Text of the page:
The tight end position has progressed unlike any other in football over the last few decades. The precedent of NFL general managers inserting impact in-line weapons has become an overbearing headline each and every offseason for teams lacking at the tight end position. With the rapid development of players entering the NFL bigger, faster, and stronger than ever, the necessary scouting involved with selecting the ideal prospect with projectability both as an impact player in the run game and through the air has become a game-changing asset to offenses around the NFL.
With an exciting pool of players scattered across the NFL post-draft, here is a look into a few flex weapons I expect to thrive in year one.
Dalton Kincaid (Buffalo Bills)
There are fluid route-runners in this class, but Kincaid may hold the top spot. Drops will never be a concern, nor will effort, as Kincaid’s motor constantly runs hot when peppered with targets within an offensive series. He’s extremely comfortable within tight confines, showcased the ability to snatch balls out of the air with soft hands, and can stretch a defense down the seam if needed. His 23 catches of 15 or more yards led all Power-5 tight ends and he will immediately become a popular weapon for Josh Allen.
Sam LaPorta (Detroit Lions)
His success as a Hawkeye was underwhelming—but consider the lack of talent on offense. Nonetheless, he became a legit target in-line that has no issue in moving out to the perimeter and making guys miss on screens—a rarity at the tight end position. Iowa made a habit of getting the ball in his hands as much as they could, and his ceiling excites me inside a Lions offense with talent in abundance.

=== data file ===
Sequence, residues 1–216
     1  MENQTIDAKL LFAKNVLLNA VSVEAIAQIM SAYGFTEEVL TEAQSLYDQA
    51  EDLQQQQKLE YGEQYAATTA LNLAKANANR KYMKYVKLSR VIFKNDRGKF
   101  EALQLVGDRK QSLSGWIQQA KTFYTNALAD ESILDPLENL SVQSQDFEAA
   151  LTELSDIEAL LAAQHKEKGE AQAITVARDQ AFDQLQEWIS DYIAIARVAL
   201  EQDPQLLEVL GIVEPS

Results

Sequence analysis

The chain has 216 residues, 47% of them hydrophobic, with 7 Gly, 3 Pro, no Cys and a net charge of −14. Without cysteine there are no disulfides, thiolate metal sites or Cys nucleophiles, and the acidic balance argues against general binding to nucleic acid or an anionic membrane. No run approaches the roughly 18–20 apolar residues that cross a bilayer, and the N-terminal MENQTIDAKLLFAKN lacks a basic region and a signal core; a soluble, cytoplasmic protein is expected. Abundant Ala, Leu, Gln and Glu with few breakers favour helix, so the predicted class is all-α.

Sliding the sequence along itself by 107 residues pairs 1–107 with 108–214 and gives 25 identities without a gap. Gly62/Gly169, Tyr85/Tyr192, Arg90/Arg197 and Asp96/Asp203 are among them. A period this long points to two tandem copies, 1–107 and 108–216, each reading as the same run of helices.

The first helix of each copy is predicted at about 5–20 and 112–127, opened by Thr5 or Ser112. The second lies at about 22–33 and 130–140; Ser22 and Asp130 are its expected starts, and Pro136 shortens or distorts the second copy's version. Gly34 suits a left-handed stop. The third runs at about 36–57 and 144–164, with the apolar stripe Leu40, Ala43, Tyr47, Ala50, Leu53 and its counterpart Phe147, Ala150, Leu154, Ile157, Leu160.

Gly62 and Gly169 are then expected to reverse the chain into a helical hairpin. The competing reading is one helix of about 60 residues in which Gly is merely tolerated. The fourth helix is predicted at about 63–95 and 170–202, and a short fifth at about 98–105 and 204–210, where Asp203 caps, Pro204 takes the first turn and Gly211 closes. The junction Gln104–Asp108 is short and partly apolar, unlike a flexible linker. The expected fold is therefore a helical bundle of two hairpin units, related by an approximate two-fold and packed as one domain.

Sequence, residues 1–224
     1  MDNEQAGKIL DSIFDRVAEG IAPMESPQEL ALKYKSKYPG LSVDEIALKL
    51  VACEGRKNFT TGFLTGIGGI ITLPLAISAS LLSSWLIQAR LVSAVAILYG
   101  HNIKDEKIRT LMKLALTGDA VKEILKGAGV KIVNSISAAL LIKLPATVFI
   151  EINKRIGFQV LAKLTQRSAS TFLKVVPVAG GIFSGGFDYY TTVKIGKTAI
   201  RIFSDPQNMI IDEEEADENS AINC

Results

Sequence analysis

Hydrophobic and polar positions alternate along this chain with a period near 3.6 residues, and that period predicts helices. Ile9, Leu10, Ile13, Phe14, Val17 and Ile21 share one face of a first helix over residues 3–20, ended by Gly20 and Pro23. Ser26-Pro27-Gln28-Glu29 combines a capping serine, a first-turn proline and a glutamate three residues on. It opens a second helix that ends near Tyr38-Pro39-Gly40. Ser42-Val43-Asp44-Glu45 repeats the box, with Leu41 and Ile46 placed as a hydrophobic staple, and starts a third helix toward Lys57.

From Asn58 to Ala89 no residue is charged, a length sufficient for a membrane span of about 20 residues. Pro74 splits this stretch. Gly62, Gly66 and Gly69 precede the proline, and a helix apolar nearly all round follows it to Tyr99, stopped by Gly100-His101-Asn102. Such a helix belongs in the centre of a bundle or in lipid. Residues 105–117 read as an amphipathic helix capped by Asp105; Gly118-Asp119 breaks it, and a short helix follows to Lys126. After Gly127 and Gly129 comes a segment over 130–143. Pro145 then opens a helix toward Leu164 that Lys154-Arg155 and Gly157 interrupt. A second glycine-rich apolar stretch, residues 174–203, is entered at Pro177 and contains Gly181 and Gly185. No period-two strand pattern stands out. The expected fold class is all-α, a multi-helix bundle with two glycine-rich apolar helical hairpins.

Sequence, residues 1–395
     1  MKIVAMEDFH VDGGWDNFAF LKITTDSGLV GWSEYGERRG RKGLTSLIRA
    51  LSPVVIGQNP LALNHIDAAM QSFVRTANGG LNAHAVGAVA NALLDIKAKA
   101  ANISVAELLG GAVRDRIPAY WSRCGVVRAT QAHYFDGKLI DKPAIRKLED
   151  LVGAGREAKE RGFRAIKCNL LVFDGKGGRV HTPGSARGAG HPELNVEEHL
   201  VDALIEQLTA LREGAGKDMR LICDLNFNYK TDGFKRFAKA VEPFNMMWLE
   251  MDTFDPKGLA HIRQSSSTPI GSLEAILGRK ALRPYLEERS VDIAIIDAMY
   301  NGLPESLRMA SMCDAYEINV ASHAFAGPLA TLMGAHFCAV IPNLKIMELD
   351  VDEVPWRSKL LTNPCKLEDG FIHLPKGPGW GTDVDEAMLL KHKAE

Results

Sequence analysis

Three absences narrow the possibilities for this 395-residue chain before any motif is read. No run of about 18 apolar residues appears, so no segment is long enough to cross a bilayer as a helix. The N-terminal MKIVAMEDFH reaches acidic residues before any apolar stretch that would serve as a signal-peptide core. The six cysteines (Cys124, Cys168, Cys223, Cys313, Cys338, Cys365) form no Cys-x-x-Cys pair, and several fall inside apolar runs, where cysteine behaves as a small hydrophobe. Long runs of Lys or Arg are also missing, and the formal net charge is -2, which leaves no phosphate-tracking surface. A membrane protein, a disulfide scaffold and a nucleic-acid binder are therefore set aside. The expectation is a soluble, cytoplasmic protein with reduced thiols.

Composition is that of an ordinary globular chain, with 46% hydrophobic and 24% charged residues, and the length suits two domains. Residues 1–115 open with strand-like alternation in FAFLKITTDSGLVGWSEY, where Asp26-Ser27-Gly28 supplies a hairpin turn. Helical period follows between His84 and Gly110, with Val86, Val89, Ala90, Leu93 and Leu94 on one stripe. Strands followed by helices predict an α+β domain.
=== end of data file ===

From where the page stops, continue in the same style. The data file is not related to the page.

Michael Mayer (Las Vegas Raiders)
Mayer was the favorite to be TE1 in the 2023 NFL Draft during the winter but ultimately ended up as TE3. A big body at 6-foot-4 and 265 pounds, he touts a high floor with the ability to showcase sure hands and block in the run game. He won’t blow anyone away as a seam stretcher nor will he be a YAC monster, but he’s a physical mismatch piece in the passing game that can relocate defensive ends in the ground game. There isn’t much sexy in his game, but there’s nothing wrong with that.
Luke Musgrave & Tucker Kraft (Green Bay Packers)
Although having only two games of recent tape shied a few teams away, Musgrave is impressive enough in the fact that there aren’t many tight ends running away from corners in college football. He’s enticing in the fact that he’s yet to play his best football, and Green Bay is in need of a high-level seam-stretcher.
For Kraft, a small-school talent, I wouldn’t be surprised if he makes a few Pro Bowls before it’s all said and done. He’s been overwhelmingly dominant at the FCS level and has everything you want as a nightmare flex weapon in a high-octane passing offense. An elite athlete that can align next to the tackle or outside to the boundary, Kraft can run any route in the book and is aggressive after the catch. As a blocker, he needs work at the point of attack, but his playmaking ability with the ball in the air will force an offense to pump him with targets. Musgrave will take some targets away from him, but both will become intricate pieces in 12-personnel and should play off each other extremely well.
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